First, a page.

I first read this many years ago, but since I absconded from the cottage with The third deadly sin, I thought I would collect the lot of them. In this one, Edward X Delaney is still married to Barbara, though she spends almost the entire novel in the hospital suffering her last illness. He's also the Captain of the 251st precinct, which is right next door to him. He decides to retire to spend time with his wife while she recovers (which she doesn't, sadly) but is convinced to turn this into an extended leave of absence and further to spend this time running an unofficial investigation at the behest of the Commissioner and a few others. Politics abound behind the scenes. Thankfully Delaney is utterly uninterested in politics, so we manage to avoid most of it.
Again, the narrative is beautifully interwoven between Delaney and the killer, which allows a reader to experience both view points and to appreciate the effect that each is having on the other. There's a fair amount of philosophising, mostly done by Celia Montfort - a woman that is ostensibly the killer's girlfriend, but about whom there is almost no information available at all. Though, to be fair, we know as much about her, her brother and her manservant as the killer does. Delaney also spends a fair bit of time philosophising, but given that his wife's condition is rapidly deteriorating, I'm willing to forgive his dwelling on the meaning of life, etc.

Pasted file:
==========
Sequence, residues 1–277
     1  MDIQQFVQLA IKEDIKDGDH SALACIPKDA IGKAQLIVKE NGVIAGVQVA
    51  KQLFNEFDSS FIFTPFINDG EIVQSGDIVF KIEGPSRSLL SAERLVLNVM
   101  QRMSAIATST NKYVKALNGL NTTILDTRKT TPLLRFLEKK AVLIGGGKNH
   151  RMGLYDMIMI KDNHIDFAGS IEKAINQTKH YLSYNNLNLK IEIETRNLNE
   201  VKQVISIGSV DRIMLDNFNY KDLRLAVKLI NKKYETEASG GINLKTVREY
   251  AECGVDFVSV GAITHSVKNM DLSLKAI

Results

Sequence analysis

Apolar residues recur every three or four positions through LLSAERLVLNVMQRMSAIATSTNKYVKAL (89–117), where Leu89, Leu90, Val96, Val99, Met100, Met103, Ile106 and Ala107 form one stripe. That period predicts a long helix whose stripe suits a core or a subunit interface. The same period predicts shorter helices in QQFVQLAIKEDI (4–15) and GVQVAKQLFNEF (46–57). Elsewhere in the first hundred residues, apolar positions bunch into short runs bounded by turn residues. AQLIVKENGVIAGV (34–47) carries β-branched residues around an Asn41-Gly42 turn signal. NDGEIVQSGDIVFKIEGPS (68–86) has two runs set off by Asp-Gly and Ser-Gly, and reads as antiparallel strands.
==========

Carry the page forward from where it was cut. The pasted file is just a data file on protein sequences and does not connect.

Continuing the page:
The ending is rather depressing and I'm not sure that it's entirely realistic. I suspect that a serious break with reality is required for it to occur and I thought it well-written and believable, though I do wonder about it's likelihood now that I'm finished reading.